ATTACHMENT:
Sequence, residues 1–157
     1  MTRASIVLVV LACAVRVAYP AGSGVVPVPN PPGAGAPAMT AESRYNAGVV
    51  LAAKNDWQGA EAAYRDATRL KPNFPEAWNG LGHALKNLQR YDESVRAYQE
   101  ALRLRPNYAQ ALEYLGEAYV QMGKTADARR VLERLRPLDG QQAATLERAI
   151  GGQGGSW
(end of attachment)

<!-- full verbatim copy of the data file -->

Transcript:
Sequence, residues 1–157
     1  MTRASIVLVV LACAVRVAYP AGSGVVPVPN PPGAGAPAMT AESRYNAGVV
    51  LAAKNDWQGA EAAYRDATRL KPNFPEAWNG LGHALKNLQR YDESVRAYQE
   101  ALRLRPNYAQ ALEYLGEAYV QMGKTADARR VLERLRPLDG QQAATLERAI
   151  GGQGGSW